After Gray’s death, the Obama Justice Department forced the city into a consent decree (pdf) that, among other things, demanded more detailed paperwork for every stop-and-frisk by the officers. It also forbade them from using only “boilerplate” language, such as “proximity to the scene of suspected or reported crimes” in the paperwork. Arrests for low-level crimes, such as disorderly conduct, now must be cleared with a supervisor first, “unless not practicable.”

The concern was that officers were stopping and arresting people for no good reason. It’s not clear, though, how much the increased administrative burden helped.

Moreover, training on how to conduct and document stops and arrests in line with the decree has only been planned for this year. The more substantive reforms, such as moving toward community policing, are set to begin next year or even further in the future. So far, it seems officers are just avoiding the paperwork by conducting fewer stops and arrests.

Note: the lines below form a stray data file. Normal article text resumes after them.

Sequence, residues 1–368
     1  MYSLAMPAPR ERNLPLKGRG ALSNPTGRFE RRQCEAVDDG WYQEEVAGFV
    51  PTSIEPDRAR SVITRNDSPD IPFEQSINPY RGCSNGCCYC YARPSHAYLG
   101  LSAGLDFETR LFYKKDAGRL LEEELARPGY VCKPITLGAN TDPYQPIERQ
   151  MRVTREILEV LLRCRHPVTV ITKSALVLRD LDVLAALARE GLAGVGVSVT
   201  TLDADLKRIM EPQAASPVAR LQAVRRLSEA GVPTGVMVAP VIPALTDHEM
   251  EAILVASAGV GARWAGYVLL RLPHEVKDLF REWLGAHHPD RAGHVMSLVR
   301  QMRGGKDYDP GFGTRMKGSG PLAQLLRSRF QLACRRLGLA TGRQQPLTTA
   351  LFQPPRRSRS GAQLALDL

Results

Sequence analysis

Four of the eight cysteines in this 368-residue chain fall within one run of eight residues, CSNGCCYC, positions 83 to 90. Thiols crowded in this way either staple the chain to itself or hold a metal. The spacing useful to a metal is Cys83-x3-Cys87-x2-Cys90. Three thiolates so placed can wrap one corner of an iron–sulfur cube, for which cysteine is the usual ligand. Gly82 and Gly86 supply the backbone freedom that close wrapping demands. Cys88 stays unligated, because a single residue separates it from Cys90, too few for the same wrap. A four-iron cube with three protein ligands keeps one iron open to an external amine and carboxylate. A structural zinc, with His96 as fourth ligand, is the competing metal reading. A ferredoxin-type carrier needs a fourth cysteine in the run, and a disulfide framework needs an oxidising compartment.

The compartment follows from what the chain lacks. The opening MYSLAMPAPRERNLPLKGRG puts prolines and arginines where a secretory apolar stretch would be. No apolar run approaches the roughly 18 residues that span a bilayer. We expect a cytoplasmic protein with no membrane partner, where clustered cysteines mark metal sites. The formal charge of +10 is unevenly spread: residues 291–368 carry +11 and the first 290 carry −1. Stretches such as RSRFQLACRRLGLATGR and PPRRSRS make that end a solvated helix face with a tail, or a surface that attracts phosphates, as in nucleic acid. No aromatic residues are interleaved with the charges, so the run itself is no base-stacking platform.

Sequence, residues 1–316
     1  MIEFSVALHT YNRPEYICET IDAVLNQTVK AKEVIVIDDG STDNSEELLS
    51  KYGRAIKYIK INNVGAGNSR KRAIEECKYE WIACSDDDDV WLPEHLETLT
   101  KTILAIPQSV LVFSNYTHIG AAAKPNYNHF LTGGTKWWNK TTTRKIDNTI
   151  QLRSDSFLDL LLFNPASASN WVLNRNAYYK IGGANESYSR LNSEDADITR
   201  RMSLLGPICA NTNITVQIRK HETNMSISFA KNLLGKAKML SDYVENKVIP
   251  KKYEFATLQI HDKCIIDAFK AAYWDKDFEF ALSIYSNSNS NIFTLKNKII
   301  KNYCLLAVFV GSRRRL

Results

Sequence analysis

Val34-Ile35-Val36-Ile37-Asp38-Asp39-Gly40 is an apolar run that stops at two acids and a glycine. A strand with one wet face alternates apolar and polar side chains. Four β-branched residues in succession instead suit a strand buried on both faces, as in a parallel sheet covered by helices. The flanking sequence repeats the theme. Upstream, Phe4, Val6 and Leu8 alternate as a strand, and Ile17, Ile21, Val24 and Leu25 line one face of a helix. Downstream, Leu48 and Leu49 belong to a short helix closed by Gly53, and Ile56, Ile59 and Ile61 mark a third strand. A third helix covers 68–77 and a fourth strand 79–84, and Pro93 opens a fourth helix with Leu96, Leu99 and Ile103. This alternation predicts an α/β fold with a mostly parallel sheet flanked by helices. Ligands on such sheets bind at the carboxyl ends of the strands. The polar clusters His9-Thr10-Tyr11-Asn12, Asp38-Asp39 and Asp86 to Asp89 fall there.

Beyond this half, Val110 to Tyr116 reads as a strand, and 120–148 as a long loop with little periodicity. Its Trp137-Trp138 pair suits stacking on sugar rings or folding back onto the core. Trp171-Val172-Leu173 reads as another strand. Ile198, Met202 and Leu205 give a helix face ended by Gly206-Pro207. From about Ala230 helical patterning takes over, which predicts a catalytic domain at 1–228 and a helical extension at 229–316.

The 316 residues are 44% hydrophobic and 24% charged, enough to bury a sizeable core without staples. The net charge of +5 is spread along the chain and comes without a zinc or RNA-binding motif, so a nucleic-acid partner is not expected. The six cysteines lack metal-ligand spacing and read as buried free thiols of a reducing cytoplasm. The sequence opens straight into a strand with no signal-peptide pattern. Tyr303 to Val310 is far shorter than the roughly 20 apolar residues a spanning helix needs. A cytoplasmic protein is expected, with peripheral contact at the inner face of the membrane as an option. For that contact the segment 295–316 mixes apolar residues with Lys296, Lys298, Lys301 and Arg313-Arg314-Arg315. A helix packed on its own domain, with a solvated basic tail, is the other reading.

A person walks past a police car in Baltimore, Md., on July 28, 2019. (Spencer Platt/Getty Images)

Michael Harrison, who has been police commissioner since March, is the fourth person in the role since the beginning of 2018. He’s a veteran of the New Orleans Police Department, which he headed during that city’s own consent decree process.

He recently announced a “crime plan” for Baltimore that calls for focusing on areas where violent crime is concentrated, checking in more frequently with local businesses, engaging more with the community, cutting response time to a maximum of 10 minutes, and more.

The local police union slammed the plan as untenable. “There are not enough Officers to even respond to the number of calls to 911,” Sgt. Mike Mancuso, president of the Fraternal Order of Police Lodge 3, said in a July 30 statement.

Since 2017, the department has lost more than 400 officers and other staff. That’s a major hit for a 3,000-strong agency.